It’s not a hand out, Julia Gillard said today about her, well, handout — and those of the Baillieu and Weatherill governments — to US multinational General Motors to keep making cars here until 2022.

“A strategic investment” was the Prime Minister’s phrase for the $215 million package to support 55,500 jobs in the car industry and “around 200,000 additional jobs nationally” (those magic employment multipliers again).

Among those jobs will be several new ones. There’ll be an “Automotive Envoy” “to strengthen links with the global automotive market”. Let’s call him or her the ambassador for Detroit. There’ll also be an “Automotive Supplier Advocate to help identify new products and customers in automotive and non-automotive industries.” GM will also be establishing a “Suppliers’ Working Group to connect Australian suppliers to GM’s world-wide supply chains.” The golden opportunity to appoint a US-style “car Tsar” has, sadly, been missed.

There’s only so much terms like “co-investment” and  “developing new business opportunities” can hide before it becomes apparent that this is merely a $200 million plus bid by Australia in the international market established by multinational automotive manufacturers to determine where they can get the most handouts for establishing car plants.

There are few other industries like it, with the capacity to hypnotise politicians the world over, making them suspend their scepticism and start writing out cheques. The closest comparison is “major events”, in which sordid institutions like the IOC, FIFA and Formula 1 demand, and get, massive subsidies and legal protection from governments for the right to stage ludicrously costly events.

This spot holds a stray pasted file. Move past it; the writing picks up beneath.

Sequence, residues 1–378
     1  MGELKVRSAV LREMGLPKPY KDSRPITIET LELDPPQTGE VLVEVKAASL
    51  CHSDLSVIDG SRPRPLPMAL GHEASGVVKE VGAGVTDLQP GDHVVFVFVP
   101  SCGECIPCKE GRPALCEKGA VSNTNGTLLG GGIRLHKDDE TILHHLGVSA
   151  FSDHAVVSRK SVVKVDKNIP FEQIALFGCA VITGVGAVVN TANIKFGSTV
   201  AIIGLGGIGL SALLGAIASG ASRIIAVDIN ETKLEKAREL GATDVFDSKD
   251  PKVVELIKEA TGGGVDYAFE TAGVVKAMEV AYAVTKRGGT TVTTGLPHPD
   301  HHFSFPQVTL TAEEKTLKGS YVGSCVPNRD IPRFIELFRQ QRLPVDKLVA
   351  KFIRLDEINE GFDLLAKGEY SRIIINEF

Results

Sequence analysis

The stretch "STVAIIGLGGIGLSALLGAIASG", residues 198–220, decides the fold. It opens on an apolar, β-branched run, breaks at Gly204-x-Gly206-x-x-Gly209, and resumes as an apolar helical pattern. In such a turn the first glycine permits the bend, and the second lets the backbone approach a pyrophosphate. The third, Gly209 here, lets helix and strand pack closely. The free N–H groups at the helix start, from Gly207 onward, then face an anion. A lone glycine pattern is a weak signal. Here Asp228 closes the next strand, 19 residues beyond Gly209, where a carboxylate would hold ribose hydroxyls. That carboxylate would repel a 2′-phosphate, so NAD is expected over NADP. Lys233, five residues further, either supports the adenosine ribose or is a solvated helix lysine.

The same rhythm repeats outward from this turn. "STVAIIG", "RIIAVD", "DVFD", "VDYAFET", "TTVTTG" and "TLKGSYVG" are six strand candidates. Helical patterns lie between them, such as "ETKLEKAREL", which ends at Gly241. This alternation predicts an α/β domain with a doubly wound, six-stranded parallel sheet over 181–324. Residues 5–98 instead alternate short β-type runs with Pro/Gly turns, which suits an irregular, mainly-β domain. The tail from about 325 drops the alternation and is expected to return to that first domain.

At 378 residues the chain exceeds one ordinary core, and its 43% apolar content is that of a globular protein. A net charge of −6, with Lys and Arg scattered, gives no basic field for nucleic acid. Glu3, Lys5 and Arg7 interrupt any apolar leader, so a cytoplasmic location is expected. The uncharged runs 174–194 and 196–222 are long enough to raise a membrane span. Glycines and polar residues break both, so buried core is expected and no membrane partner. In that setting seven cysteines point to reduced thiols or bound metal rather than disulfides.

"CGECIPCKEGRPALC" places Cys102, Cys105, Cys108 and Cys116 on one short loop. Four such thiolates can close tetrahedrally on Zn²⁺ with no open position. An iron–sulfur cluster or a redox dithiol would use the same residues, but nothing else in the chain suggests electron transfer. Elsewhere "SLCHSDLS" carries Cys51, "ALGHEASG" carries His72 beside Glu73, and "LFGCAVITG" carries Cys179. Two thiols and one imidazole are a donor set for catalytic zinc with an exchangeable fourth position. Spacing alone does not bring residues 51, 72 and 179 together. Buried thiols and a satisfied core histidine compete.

Although, seen from that point of view, the deal isn’t too bad: remember we blew $46 million just trying to bid for the soccer World Cup, and compare the $50m Victoria wastes every year on that noted supporter of gross human rights violators, Formula 1, for some momentary coverage and a minimal boost to tourism. The $200 million that might — time will tell — keep perhaps ten thousand workers in jobs for another decade suddenly doesn’t look so bad.

The only smart aspect of the package was a further $16m for training and support services for workers leaving the automotive industry. Its one flaw is that is should have been ten times that, to help exit a substantial chunk of the workforce.

That Gillard proudly stood next to the same vehicle as Ben Chifley did in 1948 speaks volumes: our industry policy hasn’t moved on in more than 60 years. At the ceremony not long before the “Holden 1” rolled off the production line, Chifley spoke about of exporting vehicles “beyond our borders to other people in the Pacific and South East Asia” and lauding it as an example of the Australian-American relationship.

Today there was no pro-American rhetoric, but the Prime Minister was still talking about accessing Asian markets.

Detroit would be only too happy to be here in 2076 with another PM talking of co-investments to enable Australian manufacturing to enjoy the benefits of “the Asian century”. And if they’re not, they’ll be in some other country lucky enough to have “won” the global auction that is car manufacturing.

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Peter Fray
Peter Fray
Editor-in-chief of Crikey
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